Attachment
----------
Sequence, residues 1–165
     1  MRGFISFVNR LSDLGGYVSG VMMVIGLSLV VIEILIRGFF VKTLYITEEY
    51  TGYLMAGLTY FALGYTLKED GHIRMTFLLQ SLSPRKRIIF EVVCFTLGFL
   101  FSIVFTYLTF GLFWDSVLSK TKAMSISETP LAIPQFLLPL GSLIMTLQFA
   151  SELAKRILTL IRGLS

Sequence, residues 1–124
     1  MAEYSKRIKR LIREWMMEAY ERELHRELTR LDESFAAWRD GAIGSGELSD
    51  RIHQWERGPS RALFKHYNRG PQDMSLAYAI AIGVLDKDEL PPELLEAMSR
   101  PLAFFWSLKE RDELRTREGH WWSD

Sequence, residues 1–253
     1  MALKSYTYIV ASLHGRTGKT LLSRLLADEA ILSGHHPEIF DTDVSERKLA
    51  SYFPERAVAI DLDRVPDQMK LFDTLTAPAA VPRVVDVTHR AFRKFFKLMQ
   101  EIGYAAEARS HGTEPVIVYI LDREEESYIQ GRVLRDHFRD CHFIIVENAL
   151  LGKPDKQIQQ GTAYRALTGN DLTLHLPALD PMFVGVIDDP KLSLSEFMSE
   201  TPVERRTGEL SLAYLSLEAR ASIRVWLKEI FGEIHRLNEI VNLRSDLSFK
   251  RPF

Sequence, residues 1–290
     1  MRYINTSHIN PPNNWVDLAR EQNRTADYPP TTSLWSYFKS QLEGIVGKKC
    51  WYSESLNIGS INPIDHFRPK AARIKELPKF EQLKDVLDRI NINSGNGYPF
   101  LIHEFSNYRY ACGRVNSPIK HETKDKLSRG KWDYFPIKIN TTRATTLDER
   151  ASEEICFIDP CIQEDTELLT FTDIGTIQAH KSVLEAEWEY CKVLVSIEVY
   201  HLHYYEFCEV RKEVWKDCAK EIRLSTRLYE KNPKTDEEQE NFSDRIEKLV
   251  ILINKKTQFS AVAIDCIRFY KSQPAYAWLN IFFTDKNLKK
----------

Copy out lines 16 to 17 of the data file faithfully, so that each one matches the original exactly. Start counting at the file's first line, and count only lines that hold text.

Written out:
   251  RPF

Sequence, residues 1–290